If you want the protection in PHP, you'll need to place the unlink code inside a conditional block:
# unlink code
That function might look like this:
# hash of your password
if('d0be2dc421be4fcd0172e5afceea3970e2f3d940' == sha1($_POST['delete_password']))
And the form:
<form action="delete.php" method="post">
<input type="password" name="delete_password" />
<input type="submit" value="Delete Something" />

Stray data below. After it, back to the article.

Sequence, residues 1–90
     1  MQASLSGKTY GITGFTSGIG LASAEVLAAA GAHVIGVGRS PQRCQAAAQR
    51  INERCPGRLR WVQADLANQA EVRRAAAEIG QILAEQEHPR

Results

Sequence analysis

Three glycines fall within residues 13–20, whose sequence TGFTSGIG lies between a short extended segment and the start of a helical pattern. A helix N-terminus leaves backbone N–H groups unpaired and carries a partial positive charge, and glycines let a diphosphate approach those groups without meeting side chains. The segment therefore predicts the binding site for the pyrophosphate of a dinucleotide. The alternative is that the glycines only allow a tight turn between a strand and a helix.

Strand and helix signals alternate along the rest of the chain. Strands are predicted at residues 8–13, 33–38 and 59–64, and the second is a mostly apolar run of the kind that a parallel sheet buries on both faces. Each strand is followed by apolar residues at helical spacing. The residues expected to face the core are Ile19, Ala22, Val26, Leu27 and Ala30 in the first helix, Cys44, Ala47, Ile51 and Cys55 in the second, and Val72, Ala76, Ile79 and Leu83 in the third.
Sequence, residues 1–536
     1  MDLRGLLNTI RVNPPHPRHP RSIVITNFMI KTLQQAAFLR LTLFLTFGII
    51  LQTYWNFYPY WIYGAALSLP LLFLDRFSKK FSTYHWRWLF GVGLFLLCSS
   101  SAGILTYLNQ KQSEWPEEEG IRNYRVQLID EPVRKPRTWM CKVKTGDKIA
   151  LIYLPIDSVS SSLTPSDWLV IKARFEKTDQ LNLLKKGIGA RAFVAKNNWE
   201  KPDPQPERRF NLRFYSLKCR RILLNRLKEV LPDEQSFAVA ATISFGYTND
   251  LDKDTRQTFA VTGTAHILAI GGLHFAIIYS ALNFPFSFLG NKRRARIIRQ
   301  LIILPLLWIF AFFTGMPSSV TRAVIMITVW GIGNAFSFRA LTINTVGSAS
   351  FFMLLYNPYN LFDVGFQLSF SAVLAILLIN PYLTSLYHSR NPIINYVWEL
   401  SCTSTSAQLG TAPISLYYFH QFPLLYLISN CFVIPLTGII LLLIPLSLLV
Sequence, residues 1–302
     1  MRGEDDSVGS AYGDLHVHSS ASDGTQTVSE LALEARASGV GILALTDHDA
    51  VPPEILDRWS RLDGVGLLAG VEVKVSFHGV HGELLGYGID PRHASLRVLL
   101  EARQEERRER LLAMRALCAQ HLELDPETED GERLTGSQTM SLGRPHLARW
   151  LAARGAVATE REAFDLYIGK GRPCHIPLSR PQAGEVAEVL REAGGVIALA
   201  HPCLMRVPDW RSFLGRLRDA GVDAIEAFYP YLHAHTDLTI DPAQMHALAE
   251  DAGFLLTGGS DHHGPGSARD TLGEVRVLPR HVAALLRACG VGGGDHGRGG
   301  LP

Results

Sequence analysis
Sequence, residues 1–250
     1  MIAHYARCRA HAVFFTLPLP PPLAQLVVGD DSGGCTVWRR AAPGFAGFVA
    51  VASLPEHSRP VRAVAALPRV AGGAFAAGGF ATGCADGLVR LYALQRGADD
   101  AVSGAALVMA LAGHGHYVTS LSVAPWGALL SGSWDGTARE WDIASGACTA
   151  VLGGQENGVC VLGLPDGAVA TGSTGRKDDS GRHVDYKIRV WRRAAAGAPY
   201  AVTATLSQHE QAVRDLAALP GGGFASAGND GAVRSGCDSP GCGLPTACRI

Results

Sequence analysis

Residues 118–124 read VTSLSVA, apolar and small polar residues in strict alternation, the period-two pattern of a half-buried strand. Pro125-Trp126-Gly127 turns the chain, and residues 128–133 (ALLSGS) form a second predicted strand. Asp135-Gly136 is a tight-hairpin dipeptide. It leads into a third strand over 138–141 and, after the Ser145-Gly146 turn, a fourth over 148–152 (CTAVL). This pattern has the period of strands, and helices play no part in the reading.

unlink() in a conditional block prevents it from being arbitrarily executed by some other means (run from command-line, included in another file, etc.).
There are myriad ways to write the
ok_to_delete() function, of course. If you're curious you might poke around on Google, or check out an open source project.
For a full-blown user auth system, there are a lot of concerns regarding security (using https, whether the form can be exploited, whether you can delete arbitrary files, whether passwords are secure, etc.).
For something simple like deleting some cache files, the example code may suffice.